Hopping out of the truck at the NO VEHICLES signpost, we inspected the cut bank sculpted by the recent flash floods. In ordinary conditions this was a regular 4WD vehicle crossing, so we walked toward the water’s edge on the packed wet sand. Six steps were normal; on the seventh, the sand rippled and vibrated, like shaken Jell-O jigglers; our boots sank several inches, and we beat a hasty retreat. The sand looked exactly the same in both places.
This was my first encounter with quicksand. I am guilty of having the same misconceptions about quicksand as you may have, so today’s post is an attempt to clear this up.
Quicksand is really not any special kind of sand; it is actually a condition, super-saturation, that is happening to a patch of sand. There is an insistent flow of water beneath the surface that agitates the grains of sand, lifting them apart. Each grain of sand is surrounded by a thin film of water, and as they lose friction with each other the solid mass breaks asunder. The water is not strong enough, however, to completely disperse the sand and the resultant soupy pool therefore can look like solid ground.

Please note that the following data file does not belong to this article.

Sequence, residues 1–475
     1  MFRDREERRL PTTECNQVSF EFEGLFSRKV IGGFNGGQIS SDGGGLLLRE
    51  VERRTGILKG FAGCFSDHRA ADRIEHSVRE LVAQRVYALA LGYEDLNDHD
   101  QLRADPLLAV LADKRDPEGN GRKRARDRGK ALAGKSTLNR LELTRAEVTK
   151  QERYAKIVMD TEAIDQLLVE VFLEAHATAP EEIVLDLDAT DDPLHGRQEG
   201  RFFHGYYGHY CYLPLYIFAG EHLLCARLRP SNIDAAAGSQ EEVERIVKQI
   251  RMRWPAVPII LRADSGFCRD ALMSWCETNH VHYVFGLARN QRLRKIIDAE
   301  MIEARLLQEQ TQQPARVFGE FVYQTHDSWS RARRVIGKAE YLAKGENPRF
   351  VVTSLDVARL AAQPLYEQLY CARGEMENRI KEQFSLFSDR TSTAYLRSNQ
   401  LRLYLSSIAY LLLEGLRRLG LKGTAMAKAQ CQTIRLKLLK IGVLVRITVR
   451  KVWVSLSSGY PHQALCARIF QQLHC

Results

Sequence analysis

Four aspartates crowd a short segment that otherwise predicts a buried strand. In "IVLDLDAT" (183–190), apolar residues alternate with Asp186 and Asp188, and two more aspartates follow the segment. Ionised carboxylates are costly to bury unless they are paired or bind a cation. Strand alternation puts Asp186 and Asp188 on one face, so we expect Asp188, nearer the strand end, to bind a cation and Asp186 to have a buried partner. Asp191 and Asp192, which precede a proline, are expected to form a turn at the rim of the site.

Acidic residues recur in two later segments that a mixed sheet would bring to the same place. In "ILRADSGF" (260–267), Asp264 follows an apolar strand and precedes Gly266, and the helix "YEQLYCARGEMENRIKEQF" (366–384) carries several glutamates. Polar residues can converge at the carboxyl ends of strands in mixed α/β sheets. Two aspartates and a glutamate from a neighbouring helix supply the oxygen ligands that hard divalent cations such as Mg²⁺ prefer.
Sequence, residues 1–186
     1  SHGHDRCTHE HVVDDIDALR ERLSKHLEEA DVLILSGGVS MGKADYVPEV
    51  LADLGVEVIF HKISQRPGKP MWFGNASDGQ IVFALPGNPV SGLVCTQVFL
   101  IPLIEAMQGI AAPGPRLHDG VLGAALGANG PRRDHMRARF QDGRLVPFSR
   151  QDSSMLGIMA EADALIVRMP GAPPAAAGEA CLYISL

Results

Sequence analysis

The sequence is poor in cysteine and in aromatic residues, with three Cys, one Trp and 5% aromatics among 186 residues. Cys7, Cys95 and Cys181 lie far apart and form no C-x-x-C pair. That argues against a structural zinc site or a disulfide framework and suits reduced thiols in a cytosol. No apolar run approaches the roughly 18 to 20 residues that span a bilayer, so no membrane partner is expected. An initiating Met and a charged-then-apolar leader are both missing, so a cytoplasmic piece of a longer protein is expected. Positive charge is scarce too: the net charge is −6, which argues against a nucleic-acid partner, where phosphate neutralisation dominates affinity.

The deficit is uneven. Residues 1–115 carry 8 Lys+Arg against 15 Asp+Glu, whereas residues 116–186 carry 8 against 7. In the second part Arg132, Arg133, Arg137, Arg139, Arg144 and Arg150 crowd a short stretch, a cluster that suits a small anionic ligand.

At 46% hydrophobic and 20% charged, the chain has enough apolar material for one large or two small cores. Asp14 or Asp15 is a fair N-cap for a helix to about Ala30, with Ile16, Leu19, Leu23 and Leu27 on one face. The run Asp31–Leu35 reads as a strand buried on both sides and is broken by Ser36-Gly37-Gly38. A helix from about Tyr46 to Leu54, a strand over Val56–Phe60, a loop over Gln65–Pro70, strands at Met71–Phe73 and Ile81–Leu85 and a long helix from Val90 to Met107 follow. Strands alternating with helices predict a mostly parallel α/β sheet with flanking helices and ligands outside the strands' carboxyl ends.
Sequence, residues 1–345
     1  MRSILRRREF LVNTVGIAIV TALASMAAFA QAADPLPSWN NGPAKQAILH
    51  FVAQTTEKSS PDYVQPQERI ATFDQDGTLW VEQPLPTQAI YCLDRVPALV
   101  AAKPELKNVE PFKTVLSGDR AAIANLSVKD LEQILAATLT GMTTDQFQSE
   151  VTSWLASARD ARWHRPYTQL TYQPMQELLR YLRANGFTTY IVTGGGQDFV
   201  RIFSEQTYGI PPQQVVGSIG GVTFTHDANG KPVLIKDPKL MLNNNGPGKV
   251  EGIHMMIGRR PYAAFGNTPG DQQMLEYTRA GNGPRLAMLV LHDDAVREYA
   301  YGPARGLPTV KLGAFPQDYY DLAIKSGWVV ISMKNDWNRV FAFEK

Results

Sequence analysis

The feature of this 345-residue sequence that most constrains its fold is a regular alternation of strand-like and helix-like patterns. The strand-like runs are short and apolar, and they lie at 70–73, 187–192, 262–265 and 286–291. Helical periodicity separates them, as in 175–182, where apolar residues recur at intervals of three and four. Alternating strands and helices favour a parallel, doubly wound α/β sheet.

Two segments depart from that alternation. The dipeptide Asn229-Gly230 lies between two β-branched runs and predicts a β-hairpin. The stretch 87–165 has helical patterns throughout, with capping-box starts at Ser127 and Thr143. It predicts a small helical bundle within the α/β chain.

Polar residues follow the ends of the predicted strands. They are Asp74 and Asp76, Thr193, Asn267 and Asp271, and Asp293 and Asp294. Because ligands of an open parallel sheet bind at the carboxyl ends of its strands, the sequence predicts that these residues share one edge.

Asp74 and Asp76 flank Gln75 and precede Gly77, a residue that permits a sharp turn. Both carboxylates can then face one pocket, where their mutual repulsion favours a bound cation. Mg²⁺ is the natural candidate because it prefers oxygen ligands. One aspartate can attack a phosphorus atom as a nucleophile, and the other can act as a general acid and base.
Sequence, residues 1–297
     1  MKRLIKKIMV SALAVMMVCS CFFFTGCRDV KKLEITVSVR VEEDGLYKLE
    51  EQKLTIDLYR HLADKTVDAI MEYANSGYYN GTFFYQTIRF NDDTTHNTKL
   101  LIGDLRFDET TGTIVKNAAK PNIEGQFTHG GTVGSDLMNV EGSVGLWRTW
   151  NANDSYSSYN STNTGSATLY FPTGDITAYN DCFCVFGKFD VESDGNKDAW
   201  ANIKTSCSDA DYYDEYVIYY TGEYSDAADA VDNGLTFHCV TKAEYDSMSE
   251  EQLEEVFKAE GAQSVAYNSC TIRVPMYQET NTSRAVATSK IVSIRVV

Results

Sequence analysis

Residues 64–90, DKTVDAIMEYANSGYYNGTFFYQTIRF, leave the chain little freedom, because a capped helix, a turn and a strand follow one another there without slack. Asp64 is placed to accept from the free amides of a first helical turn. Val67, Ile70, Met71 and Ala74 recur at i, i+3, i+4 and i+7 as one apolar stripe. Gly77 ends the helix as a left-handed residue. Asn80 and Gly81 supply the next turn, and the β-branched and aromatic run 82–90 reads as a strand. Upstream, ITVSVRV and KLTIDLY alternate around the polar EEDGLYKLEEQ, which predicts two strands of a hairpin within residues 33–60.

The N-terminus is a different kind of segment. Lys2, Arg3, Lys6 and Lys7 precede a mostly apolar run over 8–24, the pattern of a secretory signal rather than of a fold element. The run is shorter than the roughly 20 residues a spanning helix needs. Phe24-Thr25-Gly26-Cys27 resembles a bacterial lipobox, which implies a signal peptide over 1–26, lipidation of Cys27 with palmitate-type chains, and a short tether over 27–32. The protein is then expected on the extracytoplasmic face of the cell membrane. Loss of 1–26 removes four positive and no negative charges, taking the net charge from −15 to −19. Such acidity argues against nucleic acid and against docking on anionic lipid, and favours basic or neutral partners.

At rest, quicksand thickens with time, but it remains very sensitive to small variations in stress. At higher stresses, quicksand liquefies very quickly, and the higher the stress the more fluid it becomes. This causes a trapped body to sink when it starts to move.
According to a study published in the journal Nature, quicksand has a density of about 2 grams per milliliter; human density is only about 1 gram per milliliter. It is impossible for a person in quicksand to be drawn completely under. You would descend about up to your waist, but you’d go no further.
Here is a delightfully entertaining 3-minute video clip from the Discovery Channel, in which Bear Grylls shows us how to escape from Colorado River quicksand near Moab. (How appropriate!) Enjoy it — and stay away from jiggly sand!